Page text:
Off The Record: Not sentimental about the '70's

September 22, 2003|HERB BROCK

The recent death of comic actor John Ritter has produced a lot of warm memories not only of his old show, "Three's Company," but also of the era in which the show aired, the 1970's. My memories, however, are more lukewarm.

I will join everyone else in expressing shock at Ritter's early demise. It certainly was a mortality check for me. He was my age and died of a heart condition, something that afflicts me along with being over 50.

I will join everyone else in saluting Ritter as a decent comic actor. He never was a superstar but he was a dependable actor who usually added something to whatever he was playing in.

I will join everyone else in noting that Ritter was good guy and a self-deprecating bloke who just wanted to bring a few laughs to American hearts. He was unlike some of his Hollywood colleagues who believe the talent to memorize a script somehow gives them the stature to tell the world what they think about important issues. I really do think Martin Sheene believes he is president of the United States and Sean Penn believes he is secretary-general of the United Nations.


But don't count me as a fan of either Ritter's old show or the decade it played.

While "Three's Company" produced a few yuks, especially for viewers in an era before there were 897 TV channels to select from, it was basically a show of jiggles and giggles, innocent by today's "Friends" and "Sex in the City" standards. To put it another way, Don Knotts was a lot funnier as Barney Fife.

And as far as the decade is concerned, who could be sentimental about the '70's? Who could get warm and fuzzy over the decadent decade, a 10-year span of debauchery and depravity made so largely by my and Ritter's now graying, boomer-to-bust generation.

Here are just some of the "highlights" of the sinful and silly decade about which far too many people are romanticizing:

* It began with the grinding end to the humiliating and frustrating war in Vietnam, which was costly in lives and money and divided the country.

* It ended with the grinding beginning of the humiliating and frustrating hostage crisis in Iran, which eventually dragged on for 444 days until early 1981.

* Pet rocks and Rubick's Cubes. One was cute but ultimately stupid and became a paperweight. The other was ingenious but ultimately insolvable and became a paperweight.

* Oil embargoes and long lines at the gas pumps.

* 21 percent inflation.

* Jimmy Carter's pre-Nobel Peace Prize "malaise" and generally inept presidency.

* Pacers and Gremlins and Pintos, oh my.

* Watergate.

* Free love and expensive abortions.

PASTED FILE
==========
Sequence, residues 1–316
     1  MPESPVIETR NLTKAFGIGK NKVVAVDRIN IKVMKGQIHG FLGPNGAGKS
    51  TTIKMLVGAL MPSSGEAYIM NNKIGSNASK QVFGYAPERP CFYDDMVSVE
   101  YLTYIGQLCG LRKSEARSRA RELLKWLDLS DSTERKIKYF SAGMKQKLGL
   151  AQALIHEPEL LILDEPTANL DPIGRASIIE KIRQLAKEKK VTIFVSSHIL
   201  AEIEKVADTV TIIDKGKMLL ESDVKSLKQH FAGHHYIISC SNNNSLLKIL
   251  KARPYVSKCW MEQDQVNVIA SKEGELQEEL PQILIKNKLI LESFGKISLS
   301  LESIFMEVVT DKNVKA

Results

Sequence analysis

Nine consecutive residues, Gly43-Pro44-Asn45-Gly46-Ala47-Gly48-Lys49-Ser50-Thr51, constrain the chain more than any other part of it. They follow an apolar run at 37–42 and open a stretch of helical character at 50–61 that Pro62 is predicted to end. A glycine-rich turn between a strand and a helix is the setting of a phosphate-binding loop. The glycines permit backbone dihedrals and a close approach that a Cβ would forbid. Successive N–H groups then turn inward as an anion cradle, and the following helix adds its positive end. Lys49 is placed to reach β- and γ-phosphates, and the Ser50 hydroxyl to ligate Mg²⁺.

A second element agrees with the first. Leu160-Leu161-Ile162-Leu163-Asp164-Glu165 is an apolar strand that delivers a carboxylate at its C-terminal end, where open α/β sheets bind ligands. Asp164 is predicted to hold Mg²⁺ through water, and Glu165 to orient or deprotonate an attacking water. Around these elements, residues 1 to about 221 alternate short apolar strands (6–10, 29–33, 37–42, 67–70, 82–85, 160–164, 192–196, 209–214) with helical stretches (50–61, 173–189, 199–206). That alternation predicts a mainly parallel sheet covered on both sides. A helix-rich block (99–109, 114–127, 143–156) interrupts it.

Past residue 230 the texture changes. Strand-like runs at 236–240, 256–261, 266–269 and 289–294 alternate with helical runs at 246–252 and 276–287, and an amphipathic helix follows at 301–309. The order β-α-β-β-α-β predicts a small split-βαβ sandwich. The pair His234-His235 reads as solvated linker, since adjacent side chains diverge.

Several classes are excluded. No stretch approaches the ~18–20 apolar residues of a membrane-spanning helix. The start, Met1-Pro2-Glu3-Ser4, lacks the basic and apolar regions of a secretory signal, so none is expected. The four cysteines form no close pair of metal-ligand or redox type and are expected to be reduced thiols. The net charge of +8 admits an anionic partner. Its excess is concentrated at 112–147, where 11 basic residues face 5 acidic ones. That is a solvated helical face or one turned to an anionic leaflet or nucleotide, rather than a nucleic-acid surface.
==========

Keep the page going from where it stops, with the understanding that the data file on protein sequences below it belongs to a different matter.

* Expensive drugs and free needles.

* Disco music. Musical geniuses like the Beatles, Rolling Stones and Jimi Hendrix of the '60's gave way to such musical lightweights as Kasey and the Sunshine Band, the Village People and Toto of the '70's.

* Disco dancing. John Travolta gave the nation a disco-dancin' fever and not just on Saturdays. The fever didn't break until 1980. The Disco Duck of the '70's was about as choreographically sophisticated as the Funky Chicken of the '60's, but they both had good beats, were fun to dance to and totally lacked any redeeming musical qualities.

As bad as the aforementioned people, events and things were, the absolute worst thing about the '70's was fashion. There is haute couture. In the '70's, there was crappy couture. And we were all forced to wear it because of some insidious conspiracy of the fashion industry.

The fashion folks decided to replace natural materials with synthetics. We no longer were supposed to wear materials that began in cotton fields and sheep-grazing grounds. We were supposed to wear materials that began in chemical labs and fashion factories. Cotton and wool were replaced by Rayon and Dacron - and on and on and on.

During the '70's, we entered and exited the wonderful world of polyester, and most of us lost weight during the uncomfortable journey, whether we wanted to or not. Cotton and wool clothing "breathes." Polyester suffocates the pores. And it was itchy to boot. Global warming is nothing compared to the polyester heating of the earth.

If you did one of those disco dances, after two minutes you'd look like a deep sea diver emerging from the ocean. Your winged-collar shirt and flared pants would be sopping wet. Even the gold chain around your neck would be stuck to your chest, which, of course, was exposed down to where your shirt was buttoned at your navel. Even your platform shoes would be slippery from the sweat.

And at formal events, especially during the summer months, it was even worse. I recall the wedding of one of my brothers. I was best man - and dampest. You should have seen my Edwardian. I looked like I had been in a dunking booth competition rather than a wedding.

The style wasn't only uncomfortable, it also could be dangerous to your health. Two examples:

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